• Board Meetings: at least annually, the board of directors of the Banking Corporation must hold a meeting and consider its policies in respect of leveraged loans; and bi-annually the board of directors must discuss the state of the overall portfolio of leveraged loans;
  • Underwriting Standards: a Banking Corporation should have well defined underwriting limits regarding leveraged transactions, including the size that such Banking Corporation will arrange both individually and in the aggregate for distribution. The originating Banking Corporation should be mindful of reputational risks associated with poorly underwritten transactions, as these risks may find their way into a wide variety of investment instruments and exacerbate systemic risks within the general economy. At a minimum, a Banking Corporation's underwriting standards should include, among other things, the following: (a) whether the business premise for each transaction is sound and the borrower's capital structure is sustainable regardless of whether the transaction is underwritten for the Banking Corporation's own portfolio or with the intent to distribute; (b) the borrower's capacity to repay and ability to de-lever to a sustainable level over a reasonable period; (c) defences through financial covenants; and (d) demand for appropriate collateral;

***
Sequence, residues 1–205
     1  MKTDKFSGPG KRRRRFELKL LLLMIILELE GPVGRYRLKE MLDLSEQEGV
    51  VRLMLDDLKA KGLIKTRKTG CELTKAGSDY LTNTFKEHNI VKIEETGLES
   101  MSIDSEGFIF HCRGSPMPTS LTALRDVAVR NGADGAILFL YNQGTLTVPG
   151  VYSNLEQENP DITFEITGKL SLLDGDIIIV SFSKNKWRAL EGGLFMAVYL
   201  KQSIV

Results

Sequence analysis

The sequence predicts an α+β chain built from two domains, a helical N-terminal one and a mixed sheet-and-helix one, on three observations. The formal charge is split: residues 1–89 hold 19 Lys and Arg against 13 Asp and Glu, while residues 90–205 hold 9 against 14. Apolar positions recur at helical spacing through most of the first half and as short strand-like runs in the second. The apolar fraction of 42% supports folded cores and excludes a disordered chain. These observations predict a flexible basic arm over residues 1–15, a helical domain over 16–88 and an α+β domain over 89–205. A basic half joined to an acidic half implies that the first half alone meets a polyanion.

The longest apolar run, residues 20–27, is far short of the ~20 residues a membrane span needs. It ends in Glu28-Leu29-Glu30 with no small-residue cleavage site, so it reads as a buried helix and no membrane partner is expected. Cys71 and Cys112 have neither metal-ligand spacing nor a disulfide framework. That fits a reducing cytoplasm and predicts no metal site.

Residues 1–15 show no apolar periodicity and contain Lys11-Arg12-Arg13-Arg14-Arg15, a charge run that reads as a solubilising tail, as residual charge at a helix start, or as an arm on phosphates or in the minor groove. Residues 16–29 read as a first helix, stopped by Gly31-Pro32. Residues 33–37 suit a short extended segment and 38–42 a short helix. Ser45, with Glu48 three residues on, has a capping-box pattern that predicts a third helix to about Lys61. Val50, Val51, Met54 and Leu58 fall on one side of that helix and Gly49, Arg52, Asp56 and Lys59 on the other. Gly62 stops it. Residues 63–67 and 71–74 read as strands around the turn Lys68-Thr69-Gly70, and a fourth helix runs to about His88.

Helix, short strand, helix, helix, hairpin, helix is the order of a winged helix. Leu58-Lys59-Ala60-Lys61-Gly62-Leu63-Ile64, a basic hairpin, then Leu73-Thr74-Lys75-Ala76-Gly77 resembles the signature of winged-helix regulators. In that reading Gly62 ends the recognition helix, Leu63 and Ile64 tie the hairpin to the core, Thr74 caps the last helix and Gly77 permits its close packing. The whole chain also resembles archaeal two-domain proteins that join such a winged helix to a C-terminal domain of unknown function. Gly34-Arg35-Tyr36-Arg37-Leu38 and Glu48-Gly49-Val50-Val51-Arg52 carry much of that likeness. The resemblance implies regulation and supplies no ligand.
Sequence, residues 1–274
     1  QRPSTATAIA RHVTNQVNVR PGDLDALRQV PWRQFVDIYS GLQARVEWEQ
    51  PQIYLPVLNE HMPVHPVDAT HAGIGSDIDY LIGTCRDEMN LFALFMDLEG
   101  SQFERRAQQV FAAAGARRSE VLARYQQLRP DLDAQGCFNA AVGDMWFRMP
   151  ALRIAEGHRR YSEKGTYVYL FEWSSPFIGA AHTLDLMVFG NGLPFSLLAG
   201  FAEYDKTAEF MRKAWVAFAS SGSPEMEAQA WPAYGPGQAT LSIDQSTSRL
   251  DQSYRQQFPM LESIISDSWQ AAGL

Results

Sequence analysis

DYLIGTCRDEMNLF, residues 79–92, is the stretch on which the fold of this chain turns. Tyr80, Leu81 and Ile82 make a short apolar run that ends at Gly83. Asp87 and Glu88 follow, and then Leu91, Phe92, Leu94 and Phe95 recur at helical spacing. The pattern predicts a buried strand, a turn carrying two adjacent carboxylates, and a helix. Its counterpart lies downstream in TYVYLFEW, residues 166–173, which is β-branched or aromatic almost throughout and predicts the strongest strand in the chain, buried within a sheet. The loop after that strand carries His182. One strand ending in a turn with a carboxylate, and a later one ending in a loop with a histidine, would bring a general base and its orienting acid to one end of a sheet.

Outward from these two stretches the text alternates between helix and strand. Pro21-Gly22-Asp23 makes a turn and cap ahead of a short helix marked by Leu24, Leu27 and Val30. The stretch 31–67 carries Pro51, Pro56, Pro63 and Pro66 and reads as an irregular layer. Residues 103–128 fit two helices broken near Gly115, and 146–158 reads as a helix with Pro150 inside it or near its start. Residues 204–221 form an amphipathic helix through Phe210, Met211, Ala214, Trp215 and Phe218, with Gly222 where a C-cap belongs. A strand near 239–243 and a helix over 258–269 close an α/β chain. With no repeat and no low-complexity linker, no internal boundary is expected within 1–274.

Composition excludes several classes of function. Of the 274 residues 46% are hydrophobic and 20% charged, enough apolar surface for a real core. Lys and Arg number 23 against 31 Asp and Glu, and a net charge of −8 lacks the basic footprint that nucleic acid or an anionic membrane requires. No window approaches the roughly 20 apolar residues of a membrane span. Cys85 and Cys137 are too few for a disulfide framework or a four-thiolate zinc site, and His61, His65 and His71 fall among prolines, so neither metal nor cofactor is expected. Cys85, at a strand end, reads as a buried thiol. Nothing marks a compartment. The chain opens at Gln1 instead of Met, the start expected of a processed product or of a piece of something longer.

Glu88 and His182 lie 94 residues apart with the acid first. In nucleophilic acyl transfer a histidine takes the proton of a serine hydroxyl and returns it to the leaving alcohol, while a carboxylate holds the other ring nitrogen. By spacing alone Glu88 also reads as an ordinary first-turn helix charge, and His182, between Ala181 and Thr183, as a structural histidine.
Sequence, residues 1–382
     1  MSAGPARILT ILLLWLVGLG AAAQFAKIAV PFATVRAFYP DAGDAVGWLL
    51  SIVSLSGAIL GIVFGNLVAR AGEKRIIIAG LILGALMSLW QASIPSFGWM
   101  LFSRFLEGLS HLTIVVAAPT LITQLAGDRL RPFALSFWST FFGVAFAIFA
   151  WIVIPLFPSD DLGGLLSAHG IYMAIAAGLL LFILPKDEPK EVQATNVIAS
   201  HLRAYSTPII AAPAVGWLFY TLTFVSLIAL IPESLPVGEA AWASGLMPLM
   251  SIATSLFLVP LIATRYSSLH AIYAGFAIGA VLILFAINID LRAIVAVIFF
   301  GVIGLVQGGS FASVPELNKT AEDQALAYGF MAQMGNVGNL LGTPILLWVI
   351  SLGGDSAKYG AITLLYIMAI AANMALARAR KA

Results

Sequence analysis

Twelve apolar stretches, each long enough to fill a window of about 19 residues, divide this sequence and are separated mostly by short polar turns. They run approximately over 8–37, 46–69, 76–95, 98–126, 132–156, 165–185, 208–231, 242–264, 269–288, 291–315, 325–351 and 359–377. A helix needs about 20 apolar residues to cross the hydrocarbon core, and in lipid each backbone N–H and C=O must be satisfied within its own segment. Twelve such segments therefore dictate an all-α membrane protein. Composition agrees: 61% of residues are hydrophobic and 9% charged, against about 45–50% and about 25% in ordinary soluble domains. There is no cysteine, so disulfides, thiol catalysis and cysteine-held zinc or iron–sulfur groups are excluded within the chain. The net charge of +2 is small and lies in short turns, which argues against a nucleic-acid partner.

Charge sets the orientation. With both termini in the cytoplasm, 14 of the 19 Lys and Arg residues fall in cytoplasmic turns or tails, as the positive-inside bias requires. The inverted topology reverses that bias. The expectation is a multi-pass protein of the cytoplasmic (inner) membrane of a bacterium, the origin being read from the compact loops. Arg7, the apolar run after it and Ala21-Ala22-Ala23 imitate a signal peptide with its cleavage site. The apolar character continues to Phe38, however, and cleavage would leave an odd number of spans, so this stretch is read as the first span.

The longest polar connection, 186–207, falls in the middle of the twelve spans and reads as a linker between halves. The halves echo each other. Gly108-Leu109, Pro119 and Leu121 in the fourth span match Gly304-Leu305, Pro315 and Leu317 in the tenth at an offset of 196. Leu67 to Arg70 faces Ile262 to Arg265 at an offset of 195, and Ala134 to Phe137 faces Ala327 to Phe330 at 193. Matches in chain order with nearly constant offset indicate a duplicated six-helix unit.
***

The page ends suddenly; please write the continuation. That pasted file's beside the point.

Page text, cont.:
• Evaluation Standards: both with respect to the borrower and any sponsor (the entity that initiated the transaction which, if relied on by the Banking Corporation, must grant a formal guarantee), including loan-to-value ratios, discount rates and collateral margins;